The truth is, I already dwelled on this subject matter in an early episode of The SWAB (Sports World And Beyond) on YouTube with University of the East women’s basketball head coach Ai Lebornio.
Was it being prophetic, or was it just a matter of time that the situation I was referring to would emerge again?
I guess the latter, since the news of the sad plight of former PBA player Terry Saldana came out. He is suffering badly from diabetes, among others, with his photo online showing both of his legs swollen and with open wounds, eliciting a lot of sympathy from the public.
He is a familiar name for old school basketball fans, particularly Toyota, where he made his debut in the early 1980s, before becoming a journeyman in a 17-year career as a professional.
Terry is presently confined at the J.P. Rizal Hospital in Calamba, where he is undergoing treatment, with doctors hoping there would be no need for amputation.
A lot of former PBA players, fans and the PBA itself have been extending help to Terry, who has been living in poverty for the past years.
The truth is, it is not just Terry who has fallen on hard times. There are a lot more and not just from the PBA. The local boxing world definitely has a lot of similar sad stories about ex-boxers suffering the same plight.
The NBA, too, has had its share with former Mavericks player Delonte West being one of the latest. He was found homeless on a street curb, and Dallas owner Mark Cuban gave him another chance in life, paying for his rehab.
The list is endless and when we did that sports vlog, Ai and I, together with co-host Vivid Gueco, pinpointed the possible causes of such situations that I guarantee will continue to see, unless athletes start planning better for their post-playing years.
Players who suddenly strike it big, mentally and emotionally unprepared for such a drastic change in life, start living big, and are focused only on the now and not for what happens when the big bucks stop coming.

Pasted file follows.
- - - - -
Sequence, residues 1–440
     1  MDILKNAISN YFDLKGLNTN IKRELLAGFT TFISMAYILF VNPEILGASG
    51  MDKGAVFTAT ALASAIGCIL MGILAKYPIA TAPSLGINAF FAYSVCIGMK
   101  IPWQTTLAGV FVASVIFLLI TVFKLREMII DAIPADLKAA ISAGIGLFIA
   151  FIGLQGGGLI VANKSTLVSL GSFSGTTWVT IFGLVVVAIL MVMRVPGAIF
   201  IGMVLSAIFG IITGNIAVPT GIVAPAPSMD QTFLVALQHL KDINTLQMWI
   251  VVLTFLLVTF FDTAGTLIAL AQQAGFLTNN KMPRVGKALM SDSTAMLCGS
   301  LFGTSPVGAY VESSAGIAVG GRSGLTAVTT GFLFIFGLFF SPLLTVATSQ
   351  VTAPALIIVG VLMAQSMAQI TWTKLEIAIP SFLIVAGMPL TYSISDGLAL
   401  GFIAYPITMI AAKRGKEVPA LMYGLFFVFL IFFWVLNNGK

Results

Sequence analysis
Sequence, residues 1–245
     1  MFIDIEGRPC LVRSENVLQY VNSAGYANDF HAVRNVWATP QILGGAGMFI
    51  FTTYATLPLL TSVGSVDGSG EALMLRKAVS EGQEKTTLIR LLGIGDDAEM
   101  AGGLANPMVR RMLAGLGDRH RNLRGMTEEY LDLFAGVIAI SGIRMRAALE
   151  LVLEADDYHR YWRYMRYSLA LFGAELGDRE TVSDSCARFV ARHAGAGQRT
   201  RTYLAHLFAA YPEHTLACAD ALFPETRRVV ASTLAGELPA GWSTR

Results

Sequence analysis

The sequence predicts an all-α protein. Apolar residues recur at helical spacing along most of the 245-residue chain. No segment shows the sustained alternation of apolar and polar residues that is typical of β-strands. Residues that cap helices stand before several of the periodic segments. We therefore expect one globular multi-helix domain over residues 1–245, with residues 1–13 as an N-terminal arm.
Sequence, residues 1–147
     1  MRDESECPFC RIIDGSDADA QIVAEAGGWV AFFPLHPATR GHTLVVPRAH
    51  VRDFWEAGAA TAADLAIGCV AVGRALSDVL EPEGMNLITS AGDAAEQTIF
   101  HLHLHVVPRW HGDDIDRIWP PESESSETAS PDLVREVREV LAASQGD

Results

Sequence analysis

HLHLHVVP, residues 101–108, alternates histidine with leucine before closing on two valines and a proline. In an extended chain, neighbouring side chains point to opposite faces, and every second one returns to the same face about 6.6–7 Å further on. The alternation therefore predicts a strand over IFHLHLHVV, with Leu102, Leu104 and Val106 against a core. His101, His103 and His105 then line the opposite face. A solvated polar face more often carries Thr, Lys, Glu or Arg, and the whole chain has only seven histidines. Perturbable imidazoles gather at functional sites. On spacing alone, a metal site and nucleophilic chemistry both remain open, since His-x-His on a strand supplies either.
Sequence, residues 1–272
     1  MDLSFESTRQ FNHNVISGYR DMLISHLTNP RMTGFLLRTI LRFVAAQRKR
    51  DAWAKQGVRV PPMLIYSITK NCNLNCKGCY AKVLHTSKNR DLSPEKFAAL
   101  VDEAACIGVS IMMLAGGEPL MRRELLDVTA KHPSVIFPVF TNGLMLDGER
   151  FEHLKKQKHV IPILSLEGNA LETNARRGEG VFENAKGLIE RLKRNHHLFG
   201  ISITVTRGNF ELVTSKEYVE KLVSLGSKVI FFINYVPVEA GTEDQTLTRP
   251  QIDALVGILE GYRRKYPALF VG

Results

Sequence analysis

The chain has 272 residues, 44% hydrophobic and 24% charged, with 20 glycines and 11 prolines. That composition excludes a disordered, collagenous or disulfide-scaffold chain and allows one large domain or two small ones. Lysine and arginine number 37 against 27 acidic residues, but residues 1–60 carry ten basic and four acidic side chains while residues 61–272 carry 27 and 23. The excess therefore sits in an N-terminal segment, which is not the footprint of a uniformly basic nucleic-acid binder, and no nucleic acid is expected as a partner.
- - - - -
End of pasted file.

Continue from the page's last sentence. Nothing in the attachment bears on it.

This is particularly true for PBA players in the early years, because this has changed somewhat in the present, with more players investing in their future, with the help of financial advisers.
Players then were buying expensive cars and watches, big houses, and other things of luxury, only to end up selling them in their old age.
One problem, too, is a player’s pride that makes him continue pretending he is still making the same amount of money in his heydays, thereby living beyond his means.
Some make bad investments, falling victim to scams, or going into something they know nothing about and ending up with a failed business.
A lot of young players, enticed by the opportunity to make money, fail to finish their education, and have no fallback positions after their playing years.
But for me, the biggest factor remains to be vices, whether it is drugs, booze, women, gambling, or what have you. The result is the same, it drains the player financially, mentally, and emotionally.
How many big names in the PBA have we seen, heard of, and read about, who fell victims to vices? I will not name names, but I am sure any basketball fan would know of one or two.
Now, if these are the causes, then the solutions can also be found in them, planning for the future with good investments and professional advisers, finishing one’s education, living within one’s means, and most of all avoiding vices.
The problem, though, is it’s easier said than done, but hopefully, with the recent case of Terry still fresh, the current crop of players and athletes take notice of this.
And that is the bottom line.